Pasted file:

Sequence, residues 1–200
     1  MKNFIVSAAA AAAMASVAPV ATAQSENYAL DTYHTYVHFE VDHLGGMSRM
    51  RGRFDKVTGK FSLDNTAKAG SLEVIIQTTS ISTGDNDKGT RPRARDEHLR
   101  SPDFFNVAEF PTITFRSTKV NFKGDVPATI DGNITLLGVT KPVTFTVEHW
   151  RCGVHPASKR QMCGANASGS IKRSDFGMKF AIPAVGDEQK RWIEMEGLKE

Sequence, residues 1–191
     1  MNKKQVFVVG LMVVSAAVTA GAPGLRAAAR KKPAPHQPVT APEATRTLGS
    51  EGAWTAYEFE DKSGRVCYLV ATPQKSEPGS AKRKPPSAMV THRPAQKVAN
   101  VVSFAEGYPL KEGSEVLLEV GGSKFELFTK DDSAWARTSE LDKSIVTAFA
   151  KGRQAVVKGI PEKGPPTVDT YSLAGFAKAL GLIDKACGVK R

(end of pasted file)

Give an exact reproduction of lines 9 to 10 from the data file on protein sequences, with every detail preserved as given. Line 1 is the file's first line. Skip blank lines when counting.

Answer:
   101  VVSFAEGYPL KEGSEVLLEV GGSKFELFTK DDSAWARTSE LDKSIVTAFA
   151  KGRQAVVKGI PEKGPPTVDT YSLAGFAKAL GLIDKACGVK R